An impassioned plea for environmental action that looks ahead to a dire future for the planet.
In this debut political book, Heintz, a retired professor emeritus from the California College of the Arts, issues a warning call to readers who are concerned about sustainability, climate change, and the future of life on Earth. He addresses the cognitive challenges of comprehending and responding to a massive, worldwide crisis. The wide-ranging narrative addresses both the substantive facts of climate change, such as higher temperatures and effects on commercial agriculture, and the political aspects, including resource scarcity and the difficulties of existing power structures. The book presents several potential climate change scenarios, offers an account of 20th-century American political history regarding the issue, and presents potential strategies for mitigating and reversing negative effects. Although each chapter has a unifying theme, Heintz also fills the narrative with tangents; indeed, many are labeled as digressions in the text. As a result, readers continually encounter new topics as the book emphasizes the links between environmental justice and economic, racial, and political justice. Each section opens with a glossary that’s both useful and idiosyncratic (“Subtle Information: A term coined by your author, for Marshall McLuhan’s idea that The Medium is the Message”). Heintz has a tendency to capitalize common nouns (“this Crisis”) and rely on typography for emphasis, which he acknowledges in the introduction (“BTW, By The Way, you WILL notice that I Capitalize and Italicize and Bold some words and phrases, in an un- con- ven- tional manner”), but this is likely to grate on readers who are accustomed to more standard formats—as will the author’s take-no-prisoners attitude toward skeptics (“If you can’t admit that we can be spectacularly stupid, as individuals and in groups, you may not be smart enough for the rest of this book”). The book also accepts unproven theories at face value, such as “The Bush family secretly bought up all the water reserves in southern Argentina.” Overall, however, the author’s treatise on climate change is comprehensive and frequently persuasive, even if its hyperbolic tone limits its effectiveness.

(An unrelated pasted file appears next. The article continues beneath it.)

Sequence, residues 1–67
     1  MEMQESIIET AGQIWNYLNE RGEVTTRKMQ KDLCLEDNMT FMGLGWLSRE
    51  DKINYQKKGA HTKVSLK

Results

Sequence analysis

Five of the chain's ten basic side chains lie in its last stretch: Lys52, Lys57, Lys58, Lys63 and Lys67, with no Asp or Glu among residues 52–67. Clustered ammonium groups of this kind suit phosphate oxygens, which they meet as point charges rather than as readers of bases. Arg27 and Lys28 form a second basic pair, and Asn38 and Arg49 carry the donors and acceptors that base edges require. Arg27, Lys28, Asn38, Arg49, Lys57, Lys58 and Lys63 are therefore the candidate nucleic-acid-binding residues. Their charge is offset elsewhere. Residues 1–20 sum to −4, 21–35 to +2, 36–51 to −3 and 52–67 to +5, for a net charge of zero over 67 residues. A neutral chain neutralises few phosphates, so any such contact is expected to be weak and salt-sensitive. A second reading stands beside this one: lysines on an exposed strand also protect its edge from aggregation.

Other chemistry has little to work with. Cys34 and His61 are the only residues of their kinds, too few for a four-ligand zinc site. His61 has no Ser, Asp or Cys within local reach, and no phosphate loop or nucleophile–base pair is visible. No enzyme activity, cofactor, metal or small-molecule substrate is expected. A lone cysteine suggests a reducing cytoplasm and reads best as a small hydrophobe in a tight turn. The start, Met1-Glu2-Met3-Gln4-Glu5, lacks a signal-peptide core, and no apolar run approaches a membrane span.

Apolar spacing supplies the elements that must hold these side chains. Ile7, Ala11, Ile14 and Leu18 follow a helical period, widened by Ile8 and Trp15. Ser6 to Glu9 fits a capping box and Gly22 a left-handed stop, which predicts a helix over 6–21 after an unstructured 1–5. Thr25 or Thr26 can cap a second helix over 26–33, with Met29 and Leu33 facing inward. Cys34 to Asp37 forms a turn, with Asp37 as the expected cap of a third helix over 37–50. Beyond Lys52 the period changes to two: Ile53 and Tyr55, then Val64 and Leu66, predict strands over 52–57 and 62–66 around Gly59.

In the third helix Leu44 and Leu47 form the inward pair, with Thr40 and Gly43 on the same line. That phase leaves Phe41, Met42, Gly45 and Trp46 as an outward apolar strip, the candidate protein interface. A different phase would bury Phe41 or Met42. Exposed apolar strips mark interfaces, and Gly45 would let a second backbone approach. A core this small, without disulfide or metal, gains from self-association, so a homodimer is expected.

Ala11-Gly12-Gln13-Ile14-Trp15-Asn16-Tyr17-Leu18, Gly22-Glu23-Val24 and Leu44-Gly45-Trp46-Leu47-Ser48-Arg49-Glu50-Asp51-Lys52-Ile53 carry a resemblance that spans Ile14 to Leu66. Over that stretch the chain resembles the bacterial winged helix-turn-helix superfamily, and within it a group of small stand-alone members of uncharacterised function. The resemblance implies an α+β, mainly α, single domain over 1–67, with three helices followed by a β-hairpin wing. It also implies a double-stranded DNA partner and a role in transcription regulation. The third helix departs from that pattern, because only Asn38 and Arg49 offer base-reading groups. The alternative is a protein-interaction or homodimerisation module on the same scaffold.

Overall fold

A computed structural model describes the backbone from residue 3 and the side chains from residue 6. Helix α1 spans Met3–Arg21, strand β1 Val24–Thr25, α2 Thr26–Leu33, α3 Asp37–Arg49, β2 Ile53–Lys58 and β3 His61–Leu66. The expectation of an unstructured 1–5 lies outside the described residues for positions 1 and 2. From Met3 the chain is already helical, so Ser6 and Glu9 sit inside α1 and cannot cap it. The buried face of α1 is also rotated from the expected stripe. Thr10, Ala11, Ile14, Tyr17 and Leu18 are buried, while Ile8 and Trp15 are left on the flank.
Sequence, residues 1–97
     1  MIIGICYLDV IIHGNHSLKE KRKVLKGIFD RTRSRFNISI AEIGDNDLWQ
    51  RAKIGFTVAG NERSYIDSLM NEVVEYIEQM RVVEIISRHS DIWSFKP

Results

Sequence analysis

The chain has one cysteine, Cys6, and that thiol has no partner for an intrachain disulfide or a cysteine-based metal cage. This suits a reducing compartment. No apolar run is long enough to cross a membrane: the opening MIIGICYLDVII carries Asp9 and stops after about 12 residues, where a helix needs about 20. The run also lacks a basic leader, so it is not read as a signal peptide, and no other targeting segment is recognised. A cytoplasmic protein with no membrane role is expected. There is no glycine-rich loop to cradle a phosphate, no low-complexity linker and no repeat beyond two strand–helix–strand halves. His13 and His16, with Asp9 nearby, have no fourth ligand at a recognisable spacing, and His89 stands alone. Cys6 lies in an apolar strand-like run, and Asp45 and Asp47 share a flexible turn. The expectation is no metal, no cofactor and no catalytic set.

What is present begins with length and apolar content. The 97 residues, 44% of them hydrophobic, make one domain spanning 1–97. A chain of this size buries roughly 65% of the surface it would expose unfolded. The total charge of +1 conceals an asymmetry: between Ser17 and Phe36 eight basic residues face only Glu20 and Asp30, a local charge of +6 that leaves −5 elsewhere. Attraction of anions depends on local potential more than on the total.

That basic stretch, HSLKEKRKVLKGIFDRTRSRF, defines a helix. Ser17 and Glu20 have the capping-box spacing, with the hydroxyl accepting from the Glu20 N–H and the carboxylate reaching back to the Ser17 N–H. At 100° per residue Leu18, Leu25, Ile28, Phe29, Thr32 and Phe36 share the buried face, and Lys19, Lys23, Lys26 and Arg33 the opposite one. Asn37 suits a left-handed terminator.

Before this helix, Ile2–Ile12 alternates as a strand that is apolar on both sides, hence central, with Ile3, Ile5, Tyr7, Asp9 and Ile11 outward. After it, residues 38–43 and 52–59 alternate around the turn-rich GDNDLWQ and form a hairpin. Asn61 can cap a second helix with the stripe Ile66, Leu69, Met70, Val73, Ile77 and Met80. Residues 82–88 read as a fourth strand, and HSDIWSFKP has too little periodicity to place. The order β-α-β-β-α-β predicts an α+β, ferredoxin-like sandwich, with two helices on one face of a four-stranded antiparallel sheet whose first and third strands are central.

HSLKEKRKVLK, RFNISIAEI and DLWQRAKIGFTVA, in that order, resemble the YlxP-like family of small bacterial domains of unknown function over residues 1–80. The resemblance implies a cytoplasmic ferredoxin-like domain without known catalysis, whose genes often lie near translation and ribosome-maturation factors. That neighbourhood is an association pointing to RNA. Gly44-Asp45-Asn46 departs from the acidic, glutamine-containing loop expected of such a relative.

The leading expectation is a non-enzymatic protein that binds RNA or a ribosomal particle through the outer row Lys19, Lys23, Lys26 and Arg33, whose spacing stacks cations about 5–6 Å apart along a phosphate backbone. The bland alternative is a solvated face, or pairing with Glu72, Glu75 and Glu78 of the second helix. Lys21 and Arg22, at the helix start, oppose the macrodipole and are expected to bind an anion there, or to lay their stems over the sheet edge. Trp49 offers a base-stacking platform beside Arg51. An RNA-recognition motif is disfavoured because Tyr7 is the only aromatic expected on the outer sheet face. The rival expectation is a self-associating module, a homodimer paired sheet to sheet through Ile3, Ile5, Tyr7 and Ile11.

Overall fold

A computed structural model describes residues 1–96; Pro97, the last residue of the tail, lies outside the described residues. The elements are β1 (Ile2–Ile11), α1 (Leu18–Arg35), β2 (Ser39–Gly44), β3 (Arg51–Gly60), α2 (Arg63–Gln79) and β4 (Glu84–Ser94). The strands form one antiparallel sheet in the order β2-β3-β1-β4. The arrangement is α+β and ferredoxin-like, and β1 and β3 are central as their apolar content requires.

An enthusiastic and highly unconventional analysis.